Iraqi National Guard troops are supposed to police their own hometowns and villages. But in many cases the soldiers refuse to arrest anyone for fear the insurgents will seek revenge against their families.Just remember these incidents while you're listening to BushCo. tout its accomplishments in Iraq.
"I've seen insurgents put [remote-detonated roadside bombs] 100 meters from my Iraqi National Guard checkpoints," said Staff Sgt. Nicholas Fox, who oversees a company of about 90 Iraqi soldiers outside Fallujah. When Sgt. Fox asked the Iraqi soldiers why they didn't stop the insurgents, the soldiers replied that they were afraid their families would be targeted.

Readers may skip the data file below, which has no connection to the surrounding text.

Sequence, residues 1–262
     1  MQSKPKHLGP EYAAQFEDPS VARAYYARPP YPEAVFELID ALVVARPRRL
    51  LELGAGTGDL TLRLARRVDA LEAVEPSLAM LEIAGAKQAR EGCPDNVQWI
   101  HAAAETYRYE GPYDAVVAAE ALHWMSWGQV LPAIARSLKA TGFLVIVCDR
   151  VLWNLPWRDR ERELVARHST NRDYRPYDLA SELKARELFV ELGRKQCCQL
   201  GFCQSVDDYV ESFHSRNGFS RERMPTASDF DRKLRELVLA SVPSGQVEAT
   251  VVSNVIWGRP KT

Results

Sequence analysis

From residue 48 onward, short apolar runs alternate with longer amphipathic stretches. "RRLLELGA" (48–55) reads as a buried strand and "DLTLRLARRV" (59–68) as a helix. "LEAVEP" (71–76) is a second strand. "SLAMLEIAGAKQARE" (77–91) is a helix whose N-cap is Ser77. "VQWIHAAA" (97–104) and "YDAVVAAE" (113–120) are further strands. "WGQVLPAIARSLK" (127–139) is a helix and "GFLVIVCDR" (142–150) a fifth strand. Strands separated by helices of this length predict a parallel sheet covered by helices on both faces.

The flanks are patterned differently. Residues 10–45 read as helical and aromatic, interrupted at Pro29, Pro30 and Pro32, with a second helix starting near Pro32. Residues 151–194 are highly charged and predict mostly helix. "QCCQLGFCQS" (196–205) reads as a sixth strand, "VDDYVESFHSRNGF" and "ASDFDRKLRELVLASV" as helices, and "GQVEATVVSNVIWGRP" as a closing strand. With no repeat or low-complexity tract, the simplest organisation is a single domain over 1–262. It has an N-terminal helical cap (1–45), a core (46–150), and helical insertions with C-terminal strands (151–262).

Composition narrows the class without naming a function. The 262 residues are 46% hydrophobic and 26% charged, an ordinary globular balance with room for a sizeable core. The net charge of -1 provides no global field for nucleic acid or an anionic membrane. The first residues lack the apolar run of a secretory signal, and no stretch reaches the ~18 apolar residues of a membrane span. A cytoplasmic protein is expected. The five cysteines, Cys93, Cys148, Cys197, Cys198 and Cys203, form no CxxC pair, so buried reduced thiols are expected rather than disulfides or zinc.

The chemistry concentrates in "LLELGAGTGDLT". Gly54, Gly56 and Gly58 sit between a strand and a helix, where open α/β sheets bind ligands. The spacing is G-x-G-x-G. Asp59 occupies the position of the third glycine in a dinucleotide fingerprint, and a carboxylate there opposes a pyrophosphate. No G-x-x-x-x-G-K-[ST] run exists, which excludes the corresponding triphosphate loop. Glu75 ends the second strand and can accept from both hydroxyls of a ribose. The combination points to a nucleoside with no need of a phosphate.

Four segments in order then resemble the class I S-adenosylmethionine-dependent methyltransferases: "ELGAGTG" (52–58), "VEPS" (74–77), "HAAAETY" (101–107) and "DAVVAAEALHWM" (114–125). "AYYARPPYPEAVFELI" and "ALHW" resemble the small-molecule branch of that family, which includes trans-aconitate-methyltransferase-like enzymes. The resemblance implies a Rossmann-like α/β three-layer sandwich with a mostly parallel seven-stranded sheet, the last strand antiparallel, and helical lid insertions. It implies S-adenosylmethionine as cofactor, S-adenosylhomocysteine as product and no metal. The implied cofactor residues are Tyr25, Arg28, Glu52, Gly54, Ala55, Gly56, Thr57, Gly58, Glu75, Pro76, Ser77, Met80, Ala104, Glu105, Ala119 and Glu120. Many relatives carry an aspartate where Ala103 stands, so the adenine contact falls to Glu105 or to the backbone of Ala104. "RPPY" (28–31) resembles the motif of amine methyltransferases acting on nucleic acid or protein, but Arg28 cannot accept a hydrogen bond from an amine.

Two Iraqi National Guard units in al Anbar province, which encompasses Fallujah and Ramadi, were overrun earlier this month by insurgents who stormed their headquarters. The insurgents kidnapped the units' battalion commanders. The dead body of one of the commanders was found a few days later; the other man is still missing. The insurgents also took most of the two 800-soldier battalions' guns, helmets and body armor.
The police haven't performed well, either. Recently the Marines detained the police chief for the province, who is suspected of cooperating with the insurgents. His officers were guarding the provincial governor's home when it was attacked by insurgents and the governor's two sons were abducted. The police didn't fire a shot.
Monday, August 30, 2004
Quagmire - Countering the Spin
We're likely to hear a lot this week about how well things are going in Iraq; about how great the Iraqis have it now that Saddam is gone. Here are a couple of things (WSJ - subscription) that you won't hear from any of the speakers at the Republican National Convention: